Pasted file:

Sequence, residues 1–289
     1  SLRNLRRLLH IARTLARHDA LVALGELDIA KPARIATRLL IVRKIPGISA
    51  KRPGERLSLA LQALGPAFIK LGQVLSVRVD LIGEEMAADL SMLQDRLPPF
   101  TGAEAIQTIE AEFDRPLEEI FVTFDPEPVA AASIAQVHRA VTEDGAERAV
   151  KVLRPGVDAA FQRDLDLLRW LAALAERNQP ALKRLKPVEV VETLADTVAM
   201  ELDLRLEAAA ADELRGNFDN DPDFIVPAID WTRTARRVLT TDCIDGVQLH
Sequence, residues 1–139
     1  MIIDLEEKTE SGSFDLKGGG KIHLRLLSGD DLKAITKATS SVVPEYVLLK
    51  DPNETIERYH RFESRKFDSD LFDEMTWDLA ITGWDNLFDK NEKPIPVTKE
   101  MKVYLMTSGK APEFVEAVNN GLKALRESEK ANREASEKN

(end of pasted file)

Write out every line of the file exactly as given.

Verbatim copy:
Sequence, residues 1–289
     1  SLRNLRRLLH IARTLARHDA LVALGELDIA KPARIATRLL IVRKIPGISA
    51  KRPGERLSLA LQALGPAFIK LGQVLSVRVD LIGEEMAADL SMLQDRLPPF
   101  TGAEAIQTIE AEFDRPLEEI FVTFDPEPVA AASIAQVHRA VTEDGAERAV
   151  KVLRPGVDAA FQRDLDLLRW LAALAERNQP ALKRLKPVEV VETLADTVAM
   201  ELDLRLEAAA ADELRGNFDN DPDFIVPAID WTRTARRVLT TDCIDGVQLH
Sequence, residues 1–139
     1  MIIDLEEKTE SGSFDLKGGG KIHLRLLSGD DLKAITKATS SVVPEYVLLK
    51  DPNETIERYH RFESRKFDSD LFDEMTWDLA ITGWDNLFDK NEKPIPVTKE
   101  MKVYLMTSGK APEFVEAVNN GLKALRESEK ANREASEKN